Garrick Theatre, London WC2
It is hard to take yourself seriously if you cavort around in a black, figure-hugging outfit, mask and cape, cracking a whip.
No, not the latest witness in the Max Mosley trial. We are talking about Zorro, the legend immortalised on screen by Douglas Fairbanks, and now the subject of the West End’s latest musical, loosely based on Isabelle Allende’s book, with a score by the Gipsy Kings and a hero played with charismatic self-deprecation by Matt Rawle.
This is a difficult line to tread. Take yourself too seriously and they will laugh you off the stage. Too flippant, and nobody will care.
The dramatic price of this balancing act is that Christopher Renshaw’s production is unsure whether this tosh should be comedy or melodrama. And because melodrama — here involving Zorro’s adopted evil brother Ramon (a dastardly Adam Levy) and Luisa (a virtuous Emma Williams), Zorro’s adopted sister — is not interesting any more, the audience is unsure whether to laugh or be bored.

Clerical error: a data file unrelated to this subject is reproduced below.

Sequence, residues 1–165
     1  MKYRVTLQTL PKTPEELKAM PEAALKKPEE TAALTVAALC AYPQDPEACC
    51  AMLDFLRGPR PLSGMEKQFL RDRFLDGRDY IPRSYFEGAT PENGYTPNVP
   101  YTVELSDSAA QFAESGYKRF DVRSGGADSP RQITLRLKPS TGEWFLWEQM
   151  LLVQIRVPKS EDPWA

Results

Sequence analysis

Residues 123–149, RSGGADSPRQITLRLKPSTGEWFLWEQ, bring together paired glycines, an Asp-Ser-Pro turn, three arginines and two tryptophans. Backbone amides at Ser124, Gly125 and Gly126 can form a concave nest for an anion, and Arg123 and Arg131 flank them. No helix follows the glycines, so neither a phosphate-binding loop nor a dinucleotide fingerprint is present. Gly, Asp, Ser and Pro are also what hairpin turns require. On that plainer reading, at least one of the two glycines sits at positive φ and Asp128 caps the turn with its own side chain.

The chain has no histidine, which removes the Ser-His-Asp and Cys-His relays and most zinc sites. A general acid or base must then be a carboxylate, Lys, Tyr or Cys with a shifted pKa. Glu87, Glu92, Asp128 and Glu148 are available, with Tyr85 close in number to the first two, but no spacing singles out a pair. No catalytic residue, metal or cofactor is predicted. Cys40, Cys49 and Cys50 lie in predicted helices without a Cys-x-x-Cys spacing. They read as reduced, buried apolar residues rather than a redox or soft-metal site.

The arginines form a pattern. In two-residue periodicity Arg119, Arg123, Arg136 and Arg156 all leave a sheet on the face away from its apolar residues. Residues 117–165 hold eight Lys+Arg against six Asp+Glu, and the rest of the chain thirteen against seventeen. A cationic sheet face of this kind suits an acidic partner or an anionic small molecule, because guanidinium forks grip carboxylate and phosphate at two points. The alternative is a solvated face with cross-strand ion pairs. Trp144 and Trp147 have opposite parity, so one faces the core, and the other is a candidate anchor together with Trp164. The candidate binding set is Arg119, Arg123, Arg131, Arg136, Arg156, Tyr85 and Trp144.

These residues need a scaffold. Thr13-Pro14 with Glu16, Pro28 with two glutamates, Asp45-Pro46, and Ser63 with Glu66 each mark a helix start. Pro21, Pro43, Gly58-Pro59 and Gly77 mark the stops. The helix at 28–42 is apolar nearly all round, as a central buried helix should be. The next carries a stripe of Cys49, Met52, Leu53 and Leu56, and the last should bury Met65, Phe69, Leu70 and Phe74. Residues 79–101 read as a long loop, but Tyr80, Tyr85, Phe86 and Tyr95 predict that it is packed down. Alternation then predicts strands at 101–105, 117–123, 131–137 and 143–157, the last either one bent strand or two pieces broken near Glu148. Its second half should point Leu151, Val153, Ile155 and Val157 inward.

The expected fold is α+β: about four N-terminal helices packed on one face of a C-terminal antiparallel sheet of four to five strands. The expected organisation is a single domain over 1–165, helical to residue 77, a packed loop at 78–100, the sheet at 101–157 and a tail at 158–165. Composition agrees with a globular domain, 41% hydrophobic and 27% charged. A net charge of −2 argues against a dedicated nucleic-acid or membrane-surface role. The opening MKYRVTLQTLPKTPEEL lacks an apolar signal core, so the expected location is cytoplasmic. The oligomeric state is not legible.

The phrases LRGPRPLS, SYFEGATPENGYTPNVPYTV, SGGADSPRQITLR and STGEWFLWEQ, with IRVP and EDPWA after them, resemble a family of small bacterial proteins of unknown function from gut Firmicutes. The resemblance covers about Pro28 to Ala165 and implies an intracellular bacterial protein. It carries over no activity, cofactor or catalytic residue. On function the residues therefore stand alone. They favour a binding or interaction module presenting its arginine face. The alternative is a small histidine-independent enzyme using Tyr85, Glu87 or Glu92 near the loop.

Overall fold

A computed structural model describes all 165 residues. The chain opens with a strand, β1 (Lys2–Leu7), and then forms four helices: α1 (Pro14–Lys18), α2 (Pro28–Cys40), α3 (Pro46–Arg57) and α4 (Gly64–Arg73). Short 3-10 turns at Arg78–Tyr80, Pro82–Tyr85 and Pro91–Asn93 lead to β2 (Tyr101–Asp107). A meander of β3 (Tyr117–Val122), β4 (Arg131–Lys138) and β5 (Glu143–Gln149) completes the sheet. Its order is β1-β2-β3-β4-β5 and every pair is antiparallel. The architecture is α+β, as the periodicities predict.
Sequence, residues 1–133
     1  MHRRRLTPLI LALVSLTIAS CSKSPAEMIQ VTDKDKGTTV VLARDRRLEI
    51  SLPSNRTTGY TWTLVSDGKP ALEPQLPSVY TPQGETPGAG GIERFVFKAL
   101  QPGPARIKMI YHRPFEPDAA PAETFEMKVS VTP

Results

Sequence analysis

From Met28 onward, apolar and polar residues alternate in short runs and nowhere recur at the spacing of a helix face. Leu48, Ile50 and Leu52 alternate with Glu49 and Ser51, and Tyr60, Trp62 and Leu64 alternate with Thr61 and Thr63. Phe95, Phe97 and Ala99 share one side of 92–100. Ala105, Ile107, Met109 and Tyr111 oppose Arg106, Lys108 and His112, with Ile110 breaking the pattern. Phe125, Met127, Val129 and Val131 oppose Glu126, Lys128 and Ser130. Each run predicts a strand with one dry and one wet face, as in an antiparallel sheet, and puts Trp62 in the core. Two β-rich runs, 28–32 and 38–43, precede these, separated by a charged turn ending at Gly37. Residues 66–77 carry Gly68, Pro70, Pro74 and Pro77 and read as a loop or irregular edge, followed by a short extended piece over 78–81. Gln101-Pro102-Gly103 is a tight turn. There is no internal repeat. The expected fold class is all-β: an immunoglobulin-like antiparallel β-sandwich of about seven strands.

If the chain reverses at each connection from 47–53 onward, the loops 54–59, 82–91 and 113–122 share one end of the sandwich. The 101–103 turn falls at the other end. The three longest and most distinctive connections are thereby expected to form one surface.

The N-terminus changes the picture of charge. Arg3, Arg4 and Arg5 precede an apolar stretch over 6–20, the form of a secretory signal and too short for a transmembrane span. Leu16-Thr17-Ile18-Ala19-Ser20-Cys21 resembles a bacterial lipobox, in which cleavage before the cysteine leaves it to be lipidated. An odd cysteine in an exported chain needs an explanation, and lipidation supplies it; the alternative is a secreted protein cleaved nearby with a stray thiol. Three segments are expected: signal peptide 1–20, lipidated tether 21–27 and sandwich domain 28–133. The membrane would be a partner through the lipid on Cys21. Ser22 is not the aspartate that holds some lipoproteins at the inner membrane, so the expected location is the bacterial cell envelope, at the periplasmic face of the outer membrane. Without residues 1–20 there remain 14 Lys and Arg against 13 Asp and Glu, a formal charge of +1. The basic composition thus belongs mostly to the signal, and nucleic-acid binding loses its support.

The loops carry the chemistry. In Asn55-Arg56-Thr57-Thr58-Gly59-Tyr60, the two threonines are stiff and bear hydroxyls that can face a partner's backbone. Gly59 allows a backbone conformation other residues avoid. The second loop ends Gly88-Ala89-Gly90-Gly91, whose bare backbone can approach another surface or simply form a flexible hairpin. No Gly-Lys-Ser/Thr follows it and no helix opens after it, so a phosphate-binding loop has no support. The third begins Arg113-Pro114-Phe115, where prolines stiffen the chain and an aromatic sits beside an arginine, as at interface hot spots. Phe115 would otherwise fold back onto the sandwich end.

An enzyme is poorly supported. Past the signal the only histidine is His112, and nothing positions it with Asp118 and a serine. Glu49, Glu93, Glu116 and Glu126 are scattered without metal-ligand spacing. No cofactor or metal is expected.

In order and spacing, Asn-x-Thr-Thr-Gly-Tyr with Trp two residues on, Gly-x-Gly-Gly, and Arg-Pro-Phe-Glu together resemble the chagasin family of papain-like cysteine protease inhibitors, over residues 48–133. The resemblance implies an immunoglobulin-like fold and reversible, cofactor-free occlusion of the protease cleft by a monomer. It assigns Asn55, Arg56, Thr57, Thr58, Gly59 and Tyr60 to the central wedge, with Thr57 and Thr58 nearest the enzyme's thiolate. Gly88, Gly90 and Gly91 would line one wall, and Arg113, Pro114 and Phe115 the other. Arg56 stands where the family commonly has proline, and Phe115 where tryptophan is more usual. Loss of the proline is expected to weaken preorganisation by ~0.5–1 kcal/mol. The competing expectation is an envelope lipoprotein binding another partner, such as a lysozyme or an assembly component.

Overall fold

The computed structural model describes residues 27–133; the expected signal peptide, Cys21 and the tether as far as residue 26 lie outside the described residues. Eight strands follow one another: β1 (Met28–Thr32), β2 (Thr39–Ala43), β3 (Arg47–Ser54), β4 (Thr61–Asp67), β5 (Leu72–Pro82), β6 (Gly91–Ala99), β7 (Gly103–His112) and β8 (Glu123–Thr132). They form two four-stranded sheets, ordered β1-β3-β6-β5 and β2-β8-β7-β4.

But every time there is a whiff of tedium, the show bursts into life with thrilling flamenco and cracking one liners, the best of which are allocated in Stephen Clark’s book to Lesli Margherita’s voluptuous gypsy, Inez. “What are you going to do,” she says as Zorro suits up with cape, mask and all, “entertain them to death?”
With a proper show-stopper set to the Gipsy Kings’s biggest chart hit Bamboleo, the result may still be tosh, but it is tosh of a high order. (Tel: 0844 412 4662)